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Member ID: 48

Abhay Kant Jha

Email
akjha14@rediffmail.com

Profile: I am an Engineering graduate from Bangalore university, India.
I have worked in Structural design firm for 5 years.
I know JAVA Technologies, ORACLE, COBOL in Computers.
I am doing MBA from Tarleton State University.
I want to specialise in Finance.

Prof. Ashay Dharwadker's Courses (1):

CourseSemesterGrade
Computer NetworksSpring 2004View



Projects (0)



Seminars (1)


Seminar ID: 51
Course: Computer Networks
Topic: Client - Server Application
Description: I demonstrated a Client - Server chat application that I designed using Java. The Client and the Server are both run from the command prompt. During the seminar the application was run on the local host IP ADDRESS 127.0.0.1. However, the application can be run simultaneously on many hosts over a LAN.

The Java code is given below in my research note.



Research Notes (2)


Research Note ID: 53
Course: Computer Networks
Topic: Java Code for the Client Server Application
Description:
// Server Application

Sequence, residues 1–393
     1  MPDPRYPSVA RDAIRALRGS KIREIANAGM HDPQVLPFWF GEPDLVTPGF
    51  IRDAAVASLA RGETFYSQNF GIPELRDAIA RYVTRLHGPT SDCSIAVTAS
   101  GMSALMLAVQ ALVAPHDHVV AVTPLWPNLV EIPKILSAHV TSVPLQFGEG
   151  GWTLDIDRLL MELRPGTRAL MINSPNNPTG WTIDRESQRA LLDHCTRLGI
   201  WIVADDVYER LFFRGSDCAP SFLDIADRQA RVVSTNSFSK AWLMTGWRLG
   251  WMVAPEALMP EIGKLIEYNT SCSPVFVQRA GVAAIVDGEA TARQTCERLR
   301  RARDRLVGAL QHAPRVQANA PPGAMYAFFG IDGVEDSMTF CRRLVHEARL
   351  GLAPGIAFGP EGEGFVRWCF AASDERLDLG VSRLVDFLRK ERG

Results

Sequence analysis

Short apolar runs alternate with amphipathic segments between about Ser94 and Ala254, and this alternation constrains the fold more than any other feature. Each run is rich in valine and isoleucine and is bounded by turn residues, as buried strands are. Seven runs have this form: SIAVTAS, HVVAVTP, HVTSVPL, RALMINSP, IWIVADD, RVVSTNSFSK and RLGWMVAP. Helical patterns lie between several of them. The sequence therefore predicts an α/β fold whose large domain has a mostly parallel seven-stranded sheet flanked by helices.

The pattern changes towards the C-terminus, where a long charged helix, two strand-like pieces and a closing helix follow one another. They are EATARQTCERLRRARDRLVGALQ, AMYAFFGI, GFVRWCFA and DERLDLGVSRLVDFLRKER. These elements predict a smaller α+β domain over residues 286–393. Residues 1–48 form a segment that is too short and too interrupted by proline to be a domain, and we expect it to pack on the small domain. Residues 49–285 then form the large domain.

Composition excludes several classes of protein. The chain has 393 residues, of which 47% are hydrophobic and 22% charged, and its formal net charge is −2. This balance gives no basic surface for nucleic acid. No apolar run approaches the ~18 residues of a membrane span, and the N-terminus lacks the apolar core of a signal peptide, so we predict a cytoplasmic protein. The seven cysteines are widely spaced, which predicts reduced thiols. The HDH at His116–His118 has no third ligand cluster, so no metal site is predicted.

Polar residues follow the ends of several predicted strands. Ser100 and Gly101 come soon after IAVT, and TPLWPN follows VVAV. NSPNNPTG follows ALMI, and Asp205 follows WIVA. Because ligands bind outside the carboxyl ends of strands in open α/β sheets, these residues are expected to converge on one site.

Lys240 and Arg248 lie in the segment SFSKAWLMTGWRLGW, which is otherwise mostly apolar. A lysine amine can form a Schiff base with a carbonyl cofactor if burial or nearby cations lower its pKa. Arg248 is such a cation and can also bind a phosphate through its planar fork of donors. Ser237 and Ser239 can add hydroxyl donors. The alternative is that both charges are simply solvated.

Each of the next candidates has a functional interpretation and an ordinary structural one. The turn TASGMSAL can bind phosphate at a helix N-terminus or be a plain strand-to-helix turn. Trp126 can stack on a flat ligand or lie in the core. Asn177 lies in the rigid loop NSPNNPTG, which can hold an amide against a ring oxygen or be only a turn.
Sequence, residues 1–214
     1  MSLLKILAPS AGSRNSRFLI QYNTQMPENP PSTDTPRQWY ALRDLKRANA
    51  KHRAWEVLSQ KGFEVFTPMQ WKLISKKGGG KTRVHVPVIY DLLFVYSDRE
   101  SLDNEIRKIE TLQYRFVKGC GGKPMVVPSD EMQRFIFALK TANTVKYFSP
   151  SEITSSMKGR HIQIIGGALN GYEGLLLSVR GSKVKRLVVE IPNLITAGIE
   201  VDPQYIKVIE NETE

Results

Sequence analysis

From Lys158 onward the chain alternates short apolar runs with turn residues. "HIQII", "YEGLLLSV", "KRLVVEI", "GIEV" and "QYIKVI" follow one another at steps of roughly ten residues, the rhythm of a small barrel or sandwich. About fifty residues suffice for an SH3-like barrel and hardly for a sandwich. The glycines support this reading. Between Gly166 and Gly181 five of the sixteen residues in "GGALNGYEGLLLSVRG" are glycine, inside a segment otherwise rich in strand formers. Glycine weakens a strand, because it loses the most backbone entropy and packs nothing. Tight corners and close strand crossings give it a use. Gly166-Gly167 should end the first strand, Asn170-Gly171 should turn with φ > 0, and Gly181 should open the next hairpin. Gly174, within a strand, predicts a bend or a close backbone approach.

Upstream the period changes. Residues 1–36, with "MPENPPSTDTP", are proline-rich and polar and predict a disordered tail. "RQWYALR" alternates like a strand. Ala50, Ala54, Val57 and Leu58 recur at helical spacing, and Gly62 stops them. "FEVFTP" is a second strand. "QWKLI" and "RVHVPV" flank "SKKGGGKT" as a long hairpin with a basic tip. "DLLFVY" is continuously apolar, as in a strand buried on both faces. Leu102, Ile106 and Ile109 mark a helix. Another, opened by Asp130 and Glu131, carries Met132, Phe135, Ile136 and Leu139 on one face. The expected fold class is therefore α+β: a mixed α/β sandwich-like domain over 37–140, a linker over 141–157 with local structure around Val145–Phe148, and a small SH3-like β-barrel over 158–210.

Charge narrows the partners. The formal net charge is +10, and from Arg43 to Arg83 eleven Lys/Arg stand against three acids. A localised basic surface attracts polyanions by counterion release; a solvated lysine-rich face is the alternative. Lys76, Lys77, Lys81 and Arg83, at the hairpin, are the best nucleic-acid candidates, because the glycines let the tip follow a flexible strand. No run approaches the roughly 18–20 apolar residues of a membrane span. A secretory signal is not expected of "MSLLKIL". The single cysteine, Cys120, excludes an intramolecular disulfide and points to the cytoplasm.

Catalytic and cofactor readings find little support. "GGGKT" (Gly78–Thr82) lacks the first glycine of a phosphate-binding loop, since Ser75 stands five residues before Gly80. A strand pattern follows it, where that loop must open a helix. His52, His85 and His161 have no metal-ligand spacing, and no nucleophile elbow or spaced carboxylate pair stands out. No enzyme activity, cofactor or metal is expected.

=========== import java.net.*;
import java.io.*;
public class EchoServer
{
public static void main(String[] args) throws IOException
{
ServerSocket serverSocket = null;
try{
serverSocket = new ServerSocket(95);
}
catch (IOException e)
{
System.err.println("Couldn't listen to port:80.");
System.exit(1);
}
Socket clientSocket = null;
try{
clientSocket = serverSocket.accept();
System.out.println("Connected to " + clientSocket);
}
catch (IOException e)
{System.err.println("Accept failed");
System.exit(1);
}
PrintWriter out = new PrintWriter(clientSocket.getOutputStream(), true);
BufferedReader in = new BufferedReader(new InputStreamReader(clientSocket.getInputStream()));
String inputLine;
BufferedReader stdin = new BufferedReader(new InputStreamReader(System.in));
System.out.println("Enter data in server");
while((inputLine = stdin.readLine()) != null)
{
out.println(inputLine);
}
out.close();
in.close();
stdin.close();
clientSocket.close();
serverSocket.close();
}
}
==//Client Application=================
import java.net.*;
import java.io.*;
public class EchoClient
{
public static void main(String[] args) throws IOException
{
Socket echoSocket = null;
BufferedReader in = null;
try{
echoSocket = new Socket(InetAddress.getLocalHost(),95);
in = new BufferedReader(new InputStreamReader(echoSocket.getInputStream()));
}
catch (UnknownHostException e)
{
System.err.println("Don't know about host");